Attitudes toward gay rights keep getting more positive, but Republicans change slowly

Photo: Jamison Wieser/Flickr/Creative Commons License.

Photo credit: Jamison Wieser/Flickr/Creative Commons License.

Since gay rights emerged in the United States, Republicans as a set of individuals and the Republican party as an institution have been much less supportive of gay rights than Democrats and the Democratic party.

That statement can’t be remotely controversial. It’s obvious to anyone who has a passing interest in American politics. And it’s very easily demonstrated.

In 2012, the Republican party platforms in the U.S. and Maine denigrated marriage between gay men or lesbians, while the Democratic party’s state and national platforms supported marriage equality.

Having marriage equality in Maine, passed by the voters in 2012, hasn’t changed anything for the parties, at least not yet. About one in six marriages in Maine in 2013 wed same-sex couples. Yet the Maine Republican party still defines marriage in a way that makes marriages between two men or two women lesser and even less real, as seen in this language from the proposed Republican platform for 2014:

VII. The family is the foundation and strength of a stable society; therefore the government should not interfere, but rather support and protect the integrity and rights of the family:
A. Promote Family values;
B. Marriage is defined as the union of one man and one woman;

In 2011, Maine GOP Party Chair Charlie Webster used gay-baiting to try to defeat the referendum that restored Election Day registration. (Granted, Webster’s gay-baiting was less full-throated than what Karl Rove engaged in for decades, but that’s Maine’s generally civil political culture for you.)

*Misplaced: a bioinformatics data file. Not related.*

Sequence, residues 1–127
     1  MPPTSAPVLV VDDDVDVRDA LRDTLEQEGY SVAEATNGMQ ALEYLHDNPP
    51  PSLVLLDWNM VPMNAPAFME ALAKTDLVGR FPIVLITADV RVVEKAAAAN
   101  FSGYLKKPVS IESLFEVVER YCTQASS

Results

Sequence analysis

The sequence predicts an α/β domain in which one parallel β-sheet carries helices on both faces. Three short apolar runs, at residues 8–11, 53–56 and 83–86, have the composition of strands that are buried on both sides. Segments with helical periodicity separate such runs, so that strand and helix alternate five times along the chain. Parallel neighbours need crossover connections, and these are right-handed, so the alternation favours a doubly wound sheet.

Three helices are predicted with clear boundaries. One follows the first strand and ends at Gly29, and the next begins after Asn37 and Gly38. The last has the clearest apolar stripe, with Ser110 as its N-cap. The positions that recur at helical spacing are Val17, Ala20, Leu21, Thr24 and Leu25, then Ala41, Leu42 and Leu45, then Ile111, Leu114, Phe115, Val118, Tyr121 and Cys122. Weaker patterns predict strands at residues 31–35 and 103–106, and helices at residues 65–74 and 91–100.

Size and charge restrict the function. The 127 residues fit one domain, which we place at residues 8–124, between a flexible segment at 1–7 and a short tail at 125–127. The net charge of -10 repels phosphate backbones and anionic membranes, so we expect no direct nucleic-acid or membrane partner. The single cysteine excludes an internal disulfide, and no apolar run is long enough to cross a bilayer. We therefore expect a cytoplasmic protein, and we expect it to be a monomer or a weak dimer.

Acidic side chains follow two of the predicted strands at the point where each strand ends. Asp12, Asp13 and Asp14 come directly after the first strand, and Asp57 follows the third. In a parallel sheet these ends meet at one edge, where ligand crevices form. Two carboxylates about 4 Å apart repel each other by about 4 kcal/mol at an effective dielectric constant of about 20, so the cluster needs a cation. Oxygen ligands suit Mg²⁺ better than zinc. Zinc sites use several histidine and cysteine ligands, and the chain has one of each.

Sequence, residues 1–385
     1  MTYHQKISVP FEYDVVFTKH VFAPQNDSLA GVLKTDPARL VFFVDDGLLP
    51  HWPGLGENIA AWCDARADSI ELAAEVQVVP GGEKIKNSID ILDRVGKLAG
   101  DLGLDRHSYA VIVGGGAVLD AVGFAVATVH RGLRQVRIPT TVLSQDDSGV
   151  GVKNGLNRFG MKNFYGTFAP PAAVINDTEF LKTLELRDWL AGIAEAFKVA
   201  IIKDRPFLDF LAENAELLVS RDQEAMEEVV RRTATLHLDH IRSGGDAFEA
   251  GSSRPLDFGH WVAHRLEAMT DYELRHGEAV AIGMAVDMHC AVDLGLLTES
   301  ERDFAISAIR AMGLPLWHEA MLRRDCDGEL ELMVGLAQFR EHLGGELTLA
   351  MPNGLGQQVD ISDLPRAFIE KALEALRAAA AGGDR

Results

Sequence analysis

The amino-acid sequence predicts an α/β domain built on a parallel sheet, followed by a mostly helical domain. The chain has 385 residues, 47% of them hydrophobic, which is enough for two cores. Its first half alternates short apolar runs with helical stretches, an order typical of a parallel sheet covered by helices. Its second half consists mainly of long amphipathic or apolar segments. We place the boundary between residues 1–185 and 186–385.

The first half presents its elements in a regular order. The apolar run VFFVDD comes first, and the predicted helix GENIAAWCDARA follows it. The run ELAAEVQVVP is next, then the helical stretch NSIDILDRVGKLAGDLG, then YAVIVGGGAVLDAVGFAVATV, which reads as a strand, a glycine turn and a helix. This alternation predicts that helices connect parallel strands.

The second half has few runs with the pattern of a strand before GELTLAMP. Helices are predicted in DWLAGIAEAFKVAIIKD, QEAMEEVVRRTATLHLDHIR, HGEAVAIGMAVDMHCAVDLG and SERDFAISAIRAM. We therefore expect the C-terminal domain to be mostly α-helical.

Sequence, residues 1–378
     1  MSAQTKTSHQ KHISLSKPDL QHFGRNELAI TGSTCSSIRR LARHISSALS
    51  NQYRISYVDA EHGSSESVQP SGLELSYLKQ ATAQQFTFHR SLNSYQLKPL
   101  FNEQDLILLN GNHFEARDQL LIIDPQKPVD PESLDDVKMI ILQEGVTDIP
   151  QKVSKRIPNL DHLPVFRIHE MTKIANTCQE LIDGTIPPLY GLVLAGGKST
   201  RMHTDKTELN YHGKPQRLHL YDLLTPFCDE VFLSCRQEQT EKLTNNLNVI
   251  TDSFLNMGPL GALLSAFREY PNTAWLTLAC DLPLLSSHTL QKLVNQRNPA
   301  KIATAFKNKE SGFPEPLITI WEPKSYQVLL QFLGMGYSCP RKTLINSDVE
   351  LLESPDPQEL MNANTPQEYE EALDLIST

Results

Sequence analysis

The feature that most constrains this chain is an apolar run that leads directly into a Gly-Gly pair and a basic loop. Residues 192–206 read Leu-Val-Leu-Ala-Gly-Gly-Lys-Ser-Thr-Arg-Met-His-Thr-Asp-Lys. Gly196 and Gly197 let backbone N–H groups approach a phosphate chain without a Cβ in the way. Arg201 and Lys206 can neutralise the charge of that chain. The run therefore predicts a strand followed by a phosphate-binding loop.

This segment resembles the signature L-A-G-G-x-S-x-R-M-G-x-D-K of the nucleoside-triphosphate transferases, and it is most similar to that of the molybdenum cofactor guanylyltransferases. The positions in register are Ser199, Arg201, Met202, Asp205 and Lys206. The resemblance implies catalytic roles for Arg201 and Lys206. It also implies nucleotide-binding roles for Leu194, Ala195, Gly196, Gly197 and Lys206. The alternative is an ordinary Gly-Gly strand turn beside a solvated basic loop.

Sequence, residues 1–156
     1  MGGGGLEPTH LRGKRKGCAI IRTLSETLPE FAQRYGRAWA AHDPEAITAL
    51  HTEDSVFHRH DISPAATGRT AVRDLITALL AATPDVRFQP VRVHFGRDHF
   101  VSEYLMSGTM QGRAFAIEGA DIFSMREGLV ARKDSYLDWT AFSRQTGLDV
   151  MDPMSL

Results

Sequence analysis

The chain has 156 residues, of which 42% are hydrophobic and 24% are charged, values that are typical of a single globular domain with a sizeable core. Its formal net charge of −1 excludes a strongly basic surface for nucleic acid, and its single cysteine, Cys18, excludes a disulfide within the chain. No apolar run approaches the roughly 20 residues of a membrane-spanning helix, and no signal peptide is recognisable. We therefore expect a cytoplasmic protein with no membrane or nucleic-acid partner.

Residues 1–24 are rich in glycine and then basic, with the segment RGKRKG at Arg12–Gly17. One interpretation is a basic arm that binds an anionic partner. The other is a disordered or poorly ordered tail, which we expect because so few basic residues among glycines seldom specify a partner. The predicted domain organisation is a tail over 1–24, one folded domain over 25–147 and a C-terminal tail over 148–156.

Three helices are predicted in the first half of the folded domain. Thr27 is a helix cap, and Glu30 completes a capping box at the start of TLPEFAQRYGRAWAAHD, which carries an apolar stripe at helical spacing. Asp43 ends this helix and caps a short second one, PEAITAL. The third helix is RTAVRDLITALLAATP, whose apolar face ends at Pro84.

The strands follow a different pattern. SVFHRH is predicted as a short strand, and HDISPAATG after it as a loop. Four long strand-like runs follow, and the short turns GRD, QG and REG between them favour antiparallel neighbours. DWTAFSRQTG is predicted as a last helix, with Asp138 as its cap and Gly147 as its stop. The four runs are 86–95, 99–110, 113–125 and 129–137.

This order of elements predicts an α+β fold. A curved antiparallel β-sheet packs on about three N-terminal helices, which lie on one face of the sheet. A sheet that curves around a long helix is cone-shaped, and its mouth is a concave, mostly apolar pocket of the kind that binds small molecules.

Presidential nominees Mitt Romney and Barack Obama took their parties’ positions on marriage in 2012. Obama said he “evolved” to support marriage equality, while Romney opposed it.

Those differences in party platforms and nominees reflected the views of people associated with the political parties.

Here we see (below) that in 2013, more than half of all Americans thought same-sex marriage should be legal. But while 69% of Democrats believe that, along with 58% of Independents, only 26% of Republicans hold that position.

Gallup data, presented in ""Same-Sex Marriage Support Solidifies Above 50% in U.S.," May 13, 2013

Gallup data, presented in “”Same-Sex Marriage Support Solidifies Above 50% in U.S.,” May 13, 2013

Given the differences on these issues, how hard is it to be a gay Republican?

As with many questions, the answer is not simple.

Maine doesn’t have the same level of social conservatism as many other states. During the 2012 effort that led to marriage equality in Maine, some who worked on the campaign were gay Republicans.

As age is associated with opinion on gay rights, young Maine Republicans are much more likely to have more socially moderate views than older ones. While this is purely anecdotal, I can recall a debate a few years ago between UMaine College Republicans and Democrats. They disagreed on almost everything — except for marriage equality. Both supported it.

Furthermore, the marriage equality campaign included a group of pro-marriage equality Republicans under the banner of Republicans United for Marriage. While there was some pushback against that group, their presence signaled that the party included gay rights proponents.

However, the weight of the party went the other way. As noted, that year the Maine Republican party platform denigrated same-sex marriage. Furthermore, a Critical Insights poll from that period found support for marriage equality in Maine from 77% of Democrats, 63% of independents/unenrolleds, and just 30% of Republicans.